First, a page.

15. The Maltese Falcon by Dashiell Hammett (1930) 201 p.
This is the oldest book I’ve read so far this year, at 78 years of age. (The oldest thing I have ever read is still Oedipus Rex, which has a more impressive 2438 years under its belt.) Reading something from an entirely different era is always difficult; I think The War of the Worlds (1898) remains the only pre-WWII novel that I’ve really enjoyed.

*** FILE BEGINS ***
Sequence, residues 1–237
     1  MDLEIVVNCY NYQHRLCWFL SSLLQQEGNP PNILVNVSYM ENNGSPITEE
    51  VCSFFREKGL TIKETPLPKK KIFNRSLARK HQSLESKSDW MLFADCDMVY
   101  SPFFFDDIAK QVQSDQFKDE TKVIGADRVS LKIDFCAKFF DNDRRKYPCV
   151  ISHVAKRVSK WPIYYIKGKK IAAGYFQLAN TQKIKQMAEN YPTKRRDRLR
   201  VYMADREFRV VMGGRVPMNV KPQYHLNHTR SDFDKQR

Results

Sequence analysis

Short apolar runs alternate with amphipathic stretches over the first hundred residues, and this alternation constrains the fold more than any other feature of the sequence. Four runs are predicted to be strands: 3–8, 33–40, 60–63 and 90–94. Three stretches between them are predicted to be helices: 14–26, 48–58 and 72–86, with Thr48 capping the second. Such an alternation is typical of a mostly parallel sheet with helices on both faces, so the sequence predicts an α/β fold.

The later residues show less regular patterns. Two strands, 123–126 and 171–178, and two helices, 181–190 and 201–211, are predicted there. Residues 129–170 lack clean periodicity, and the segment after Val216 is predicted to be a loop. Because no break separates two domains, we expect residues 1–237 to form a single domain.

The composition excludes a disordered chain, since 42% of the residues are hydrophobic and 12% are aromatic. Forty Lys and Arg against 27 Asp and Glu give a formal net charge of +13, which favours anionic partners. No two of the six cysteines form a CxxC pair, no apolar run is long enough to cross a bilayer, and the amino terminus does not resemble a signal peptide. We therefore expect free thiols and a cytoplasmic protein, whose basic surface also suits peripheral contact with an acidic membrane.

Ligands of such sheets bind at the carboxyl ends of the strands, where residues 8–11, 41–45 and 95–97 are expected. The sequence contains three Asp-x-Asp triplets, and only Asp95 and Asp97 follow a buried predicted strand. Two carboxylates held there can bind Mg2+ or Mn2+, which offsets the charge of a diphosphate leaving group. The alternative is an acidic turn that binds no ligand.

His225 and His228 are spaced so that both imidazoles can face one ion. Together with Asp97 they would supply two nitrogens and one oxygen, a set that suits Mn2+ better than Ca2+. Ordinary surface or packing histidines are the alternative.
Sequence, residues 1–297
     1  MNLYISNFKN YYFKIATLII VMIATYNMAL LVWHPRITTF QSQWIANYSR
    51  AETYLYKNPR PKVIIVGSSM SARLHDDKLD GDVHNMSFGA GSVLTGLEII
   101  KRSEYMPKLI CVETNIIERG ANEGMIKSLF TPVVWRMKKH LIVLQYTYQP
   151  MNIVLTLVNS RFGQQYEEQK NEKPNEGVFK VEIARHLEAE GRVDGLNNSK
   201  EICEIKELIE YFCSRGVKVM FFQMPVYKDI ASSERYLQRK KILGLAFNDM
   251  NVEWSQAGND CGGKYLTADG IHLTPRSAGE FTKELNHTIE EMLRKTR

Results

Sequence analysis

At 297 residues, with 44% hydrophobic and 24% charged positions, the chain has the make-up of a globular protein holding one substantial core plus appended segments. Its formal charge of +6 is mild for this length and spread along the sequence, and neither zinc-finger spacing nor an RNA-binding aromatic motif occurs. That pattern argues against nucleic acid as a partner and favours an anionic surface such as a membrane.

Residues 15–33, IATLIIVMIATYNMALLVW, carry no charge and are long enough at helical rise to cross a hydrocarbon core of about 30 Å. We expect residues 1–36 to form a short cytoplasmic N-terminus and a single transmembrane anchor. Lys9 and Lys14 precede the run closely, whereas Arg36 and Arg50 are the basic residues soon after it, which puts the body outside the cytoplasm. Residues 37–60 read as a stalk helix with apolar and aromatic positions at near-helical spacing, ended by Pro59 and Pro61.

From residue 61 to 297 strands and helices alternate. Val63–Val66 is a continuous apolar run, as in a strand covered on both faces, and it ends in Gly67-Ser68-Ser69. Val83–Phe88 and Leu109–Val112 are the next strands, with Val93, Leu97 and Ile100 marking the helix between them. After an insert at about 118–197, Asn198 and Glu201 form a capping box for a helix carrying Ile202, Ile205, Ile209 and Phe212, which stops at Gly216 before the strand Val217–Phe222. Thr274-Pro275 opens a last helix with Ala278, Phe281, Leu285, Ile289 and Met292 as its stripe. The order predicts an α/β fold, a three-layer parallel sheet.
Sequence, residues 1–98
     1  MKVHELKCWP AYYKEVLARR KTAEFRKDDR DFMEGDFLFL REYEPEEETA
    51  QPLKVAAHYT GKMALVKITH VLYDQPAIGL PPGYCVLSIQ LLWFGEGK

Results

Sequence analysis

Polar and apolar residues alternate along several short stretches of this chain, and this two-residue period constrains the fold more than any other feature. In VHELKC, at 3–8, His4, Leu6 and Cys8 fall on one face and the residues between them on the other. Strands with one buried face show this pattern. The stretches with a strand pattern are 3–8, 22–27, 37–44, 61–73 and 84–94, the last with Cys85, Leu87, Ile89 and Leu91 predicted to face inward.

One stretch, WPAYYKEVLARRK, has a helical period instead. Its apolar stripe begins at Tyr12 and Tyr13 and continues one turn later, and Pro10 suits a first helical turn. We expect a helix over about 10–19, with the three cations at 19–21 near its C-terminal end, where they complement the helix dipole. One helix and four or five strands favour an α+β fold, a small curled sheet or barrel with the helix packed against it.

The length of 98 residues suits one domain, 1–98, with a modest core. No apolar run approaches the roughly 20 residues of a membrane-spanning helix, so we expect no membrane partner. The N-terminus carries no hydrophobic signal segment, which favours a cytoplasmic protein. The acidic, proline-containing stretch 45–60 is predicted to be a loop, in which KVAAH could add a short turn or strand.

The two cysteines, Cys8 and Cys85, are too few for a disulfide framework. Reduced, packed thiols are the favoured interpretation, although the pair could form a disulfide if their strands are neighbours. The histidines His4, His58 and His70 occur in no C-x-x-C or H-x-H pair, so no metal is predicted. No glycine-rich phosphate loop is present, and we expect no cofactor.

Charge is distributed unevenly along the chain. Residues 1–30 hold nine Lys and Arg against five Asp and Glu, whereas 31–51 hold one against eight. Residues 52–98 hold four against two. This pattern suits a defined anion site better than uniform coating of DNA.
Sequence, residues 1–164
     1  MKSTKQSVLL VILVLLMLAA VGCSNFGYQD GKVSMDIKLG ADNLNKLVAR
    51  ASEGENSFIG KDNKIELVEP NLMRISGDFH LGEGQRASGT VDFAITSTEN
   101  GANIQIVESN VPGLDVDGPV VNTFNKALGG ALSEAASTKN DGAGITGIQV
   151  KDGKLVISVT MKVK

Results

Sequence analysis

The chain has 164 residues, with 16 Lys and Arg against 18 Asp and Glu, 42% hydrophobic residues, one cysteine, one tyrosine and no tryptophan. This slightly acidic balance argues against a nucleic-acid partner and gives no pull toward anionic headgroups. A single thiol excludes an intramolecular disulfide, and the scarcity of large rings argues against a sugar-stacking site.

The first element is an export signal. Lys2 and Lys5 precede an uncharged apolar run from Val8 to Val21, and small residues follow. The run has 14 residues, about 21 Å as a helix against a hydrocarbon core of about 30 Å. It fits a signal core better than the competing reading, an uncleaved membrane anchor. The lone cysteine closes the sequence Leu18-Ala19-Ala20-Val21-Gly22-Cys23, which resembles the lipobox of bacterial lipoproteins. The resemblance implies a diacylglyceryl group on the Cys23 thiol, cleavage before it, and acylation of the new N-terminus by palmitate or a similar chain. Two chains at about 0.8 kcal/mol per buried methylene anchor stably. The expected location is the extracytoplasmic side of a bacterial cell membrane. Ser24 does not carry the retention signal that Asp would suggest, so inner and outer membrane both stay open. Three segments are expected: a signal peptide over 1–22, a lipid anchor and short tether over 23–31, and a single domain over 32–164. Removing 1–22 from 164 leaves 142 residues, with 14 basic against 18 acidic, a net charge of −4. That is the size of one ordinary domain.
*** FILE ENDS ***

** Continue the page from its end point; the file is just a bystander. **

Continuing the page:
The Maltese Falcon is one of those stories that’s dripping with cliches, and yet at the same time it isn’t, because it’s the story that invented those cliches in the first place. Sam Spade, hardboiled private eye in 1930s San Francisco, is embroiled in a mystery surrounding the whereabouts of a priceless artifact from the Crusades. There are swooning dames, murders on foggy nights, criminals discussing business over hard liquor, strangers hailing from the Orient and the Levant, and vital clues found cut from the shipping news. Perhaps I was just giving him the benefit of the doubt, but Hammett manages to make all of this reek with style, even to a 21st century mind that has been plastered with these genre tropes over and over again. It wasn’t the best book I’ve ever read, or even a particularly great book, but I enjoyed reading it well enough even though it’s older than my grandparents, and that has to count for something.